Given that HIPAA was first enacted in 1996, healthcare professionals have had 21 years to perfectly design, implement, and execute compliance plans. However, the reality for most organizations is that HIPAA compliance is still a work in progress. Some providers still find that remaining compliant is an everyday battle. While there are several possible reasons why healthcare organizations are not HIPAA compliant, we have put together a list of the top five:
They don't have a plan in place
You wouldn't start on a road trip without having a route mapped out. You wouldn't build a house without blueprints. Having a plan for implementing a HIPAA compliance plan is just as imperative. Starting without a plan in place will hinder efficiency and progress. Getting where you want to go begins with knowing where you're starting from. Begin by assessing your current plan, and identifying deficiencies and areas of improvement. Then use those deficits to guide where you can make changes, create new policies and make improvements to achieve your organization's overall compliance goals.
They lack the training and knowledge
HIPAA compliance is not a simple concept. It's not always black and white and not every step has been spelled out. Additionally, as with most aspects of healthcare, compliance programs have to be adjusted as technology evolves and circumstances require. Compliance officers need to ensure they are keeping up with those changes by reading industry publications and by attending webinars and continuing education seminars.
They think that HIPAA is a one-time project
HIPAA compliance is not a project that has an end date. It is a constantly evolving process that must be thought of every day and with every patient interaction. Organizations who implement a program and then put it on the shelf will inevitably open themselves up to breaches and problems down the line. Compliance and risk assessments need to be performed on a regular basis, especially as problems are identified. Staff training needs to be done, at minimum, on a yearly basis. As breaches and incidents occur, policies should be updated and trainings should be done to re-educate staff and administration. An effective HIPAA policy is a proactive one. So being on guard for potential risks before they happen is always the best policy.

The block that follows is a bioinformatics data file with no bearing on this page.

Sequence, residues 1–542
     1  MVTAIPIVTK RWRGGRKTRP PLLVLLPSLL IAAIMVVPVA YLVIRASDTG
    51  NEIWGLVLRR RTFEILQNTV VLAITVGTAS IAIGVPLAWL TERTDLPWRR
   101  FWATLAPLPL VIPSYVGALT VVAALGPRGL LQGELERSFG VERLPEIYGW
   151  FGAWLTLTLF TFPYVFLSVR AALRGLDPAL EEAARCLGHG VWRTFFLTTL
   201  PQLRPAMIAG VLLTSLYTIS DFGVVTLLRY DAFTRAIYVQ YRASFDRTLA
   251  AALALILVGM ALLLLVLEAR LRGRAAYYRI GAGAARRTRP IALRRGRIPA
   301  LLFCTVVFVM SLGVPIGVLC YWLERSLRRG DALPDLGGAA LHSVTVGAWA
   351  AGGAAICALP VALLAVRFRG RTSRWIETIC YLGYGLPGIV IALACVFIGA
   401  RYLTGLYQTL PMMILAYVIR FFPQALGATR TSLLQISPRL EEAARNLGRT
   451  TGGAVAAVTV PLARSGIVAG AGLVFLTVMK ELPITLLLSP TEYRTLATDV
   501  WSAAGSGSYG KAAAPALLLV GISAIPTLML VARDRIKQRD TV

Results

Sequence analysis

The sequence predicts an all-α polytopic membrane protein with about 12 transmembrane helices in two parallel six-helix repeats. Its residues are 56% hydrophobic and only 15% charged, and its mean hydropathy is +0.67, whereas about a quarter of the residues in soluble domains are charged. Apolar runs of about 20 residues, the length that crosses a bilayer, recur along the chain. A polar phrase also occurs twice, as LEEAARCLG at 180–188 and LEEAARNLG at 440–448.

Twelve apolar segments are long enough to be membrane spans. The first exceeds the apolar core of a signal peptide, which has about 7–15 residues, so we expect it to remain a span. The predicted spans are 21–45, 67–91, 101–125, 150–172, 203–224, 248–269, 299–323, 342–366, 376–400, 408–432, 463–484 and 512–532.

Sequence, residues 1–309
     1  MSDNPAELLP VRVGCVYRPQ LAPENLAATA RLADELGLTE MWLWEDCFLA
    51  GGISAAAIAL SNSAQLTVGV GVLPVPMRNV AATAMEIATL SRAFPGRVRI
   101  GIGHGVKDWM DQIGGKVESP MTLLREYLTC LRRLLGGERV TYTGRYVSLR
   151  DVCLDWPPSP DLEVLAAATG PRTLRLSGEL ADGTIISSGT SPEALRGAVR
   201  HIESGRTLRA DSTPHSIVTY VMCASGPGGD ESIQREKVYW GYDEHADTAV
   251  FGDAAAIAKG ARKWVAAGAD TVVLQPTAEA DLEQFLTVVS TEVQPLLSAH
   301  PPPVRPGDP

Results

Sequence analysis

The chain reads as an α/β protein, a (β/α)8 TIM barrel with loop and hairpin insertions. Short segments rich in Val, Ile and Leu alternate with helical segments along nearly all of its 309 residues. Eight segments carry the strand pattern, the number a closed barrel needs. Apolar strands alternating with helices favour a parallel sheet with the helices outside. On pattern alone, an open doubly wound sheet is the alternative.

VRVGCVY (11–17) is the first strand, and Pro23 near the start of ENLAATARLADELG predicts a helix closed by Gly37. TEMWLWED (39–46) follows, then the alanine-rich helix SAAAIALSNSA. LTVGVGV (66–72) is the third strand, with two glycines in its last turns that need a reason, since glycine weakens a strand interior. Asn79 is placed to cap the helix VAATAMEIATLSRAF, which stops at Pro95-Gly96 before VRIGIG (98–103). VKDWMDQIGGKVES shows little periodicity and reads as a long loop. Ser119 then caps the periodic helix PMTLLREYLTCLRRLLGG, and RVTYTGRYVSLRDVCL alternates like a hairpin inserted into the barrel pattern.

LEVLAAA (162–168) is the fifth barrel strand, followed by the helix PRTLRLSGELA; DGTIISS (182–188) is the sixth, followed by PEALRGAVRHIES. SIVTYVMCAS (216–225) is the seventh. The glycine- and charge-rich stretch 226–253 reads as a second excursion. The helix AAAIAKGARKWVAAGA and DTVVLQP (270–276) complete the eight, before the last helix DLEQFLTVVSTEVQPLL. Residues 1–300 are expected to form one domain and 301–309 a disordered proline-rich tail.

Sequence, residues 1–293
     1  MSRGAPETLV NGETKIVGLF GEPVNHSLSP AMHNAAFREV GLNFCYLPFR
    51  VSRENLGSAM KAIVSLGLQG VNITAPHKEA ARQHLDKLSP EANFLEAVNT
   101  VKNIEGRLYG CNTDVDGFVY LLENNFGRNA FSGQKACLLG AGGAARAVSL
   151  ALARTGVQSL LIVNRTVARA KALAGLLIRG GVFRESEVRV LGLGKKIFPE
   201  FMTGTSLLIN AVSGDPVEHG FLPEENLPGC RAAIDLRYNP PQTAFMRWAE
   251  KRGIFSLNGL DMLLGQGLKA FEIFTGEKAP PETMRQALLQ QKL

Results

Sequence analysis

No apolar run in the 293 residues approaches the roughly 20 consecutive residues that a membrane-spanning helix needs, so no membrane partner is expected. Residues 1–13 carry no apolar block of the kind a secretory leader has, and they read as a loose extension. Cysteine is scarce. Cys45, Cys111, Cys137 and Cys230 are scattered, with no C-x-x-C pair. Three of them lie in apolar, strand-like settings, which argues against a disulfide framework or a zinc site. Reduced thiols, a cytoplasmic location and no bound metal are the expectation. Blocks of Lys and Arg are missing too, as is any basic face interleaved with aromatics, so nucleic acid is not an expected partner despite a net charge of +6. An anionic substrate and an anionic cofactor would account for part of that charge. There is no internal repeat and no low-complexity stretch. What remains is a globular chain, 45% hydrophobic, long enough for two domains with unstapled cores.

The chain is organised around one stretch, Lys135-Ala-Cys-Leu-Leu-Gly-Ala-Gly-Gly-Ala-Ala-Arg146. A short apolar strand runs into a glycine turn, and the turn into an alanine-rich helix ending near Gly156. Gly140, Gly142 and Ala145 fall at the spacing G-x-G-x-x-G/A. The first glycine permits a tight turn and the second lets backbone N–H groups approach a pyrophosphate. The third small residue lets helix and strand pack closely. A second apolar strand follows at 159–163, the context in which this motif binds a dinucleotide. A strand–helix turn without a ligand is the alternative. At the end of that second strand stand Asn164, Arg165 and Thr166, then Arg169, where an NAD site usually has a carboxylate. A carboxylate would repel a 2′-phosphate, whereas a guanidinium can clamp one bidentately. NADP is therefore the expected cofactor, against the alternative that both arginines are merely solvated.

They think it's too expensive
Purchasing a new EHR system, updating encryption and antivirus software, training staff, and restructuring office design may all be necessary to become and remain HIPAA compliant. Each of these cost both time and money. Providers are already operating under tight budgets so the idea of spending more on a non-revenue creating projects may seem unrealistic. But the reality is, with the high risk involved with HIPAA breaches and the heavy sanctions being handed out by HHS for violations, healthcare organizations can't afford not to invest in their compliance programs.
They don't reach out to experts in the field for help
Some healthcare organizations are stacked wide and deep with experts in various fields. In that case, it's easy to find someone with the expertise and knowledge necessary to support an organization's compliance program. However, some organizations are often spread so thin, you have one administrator handling the roles of five individuals. In cases like this, it makes sense to reach out to specialists in the field.
Whatever struggles your organization may face in becoming HIPAA compliant, Healthcare Compliance Pros can help. We specialize in designing and implementing compliance programs, performing risk assessments, answering questions about compliance and assisting with breach determination and mitigation whenever a suspected breach occurs.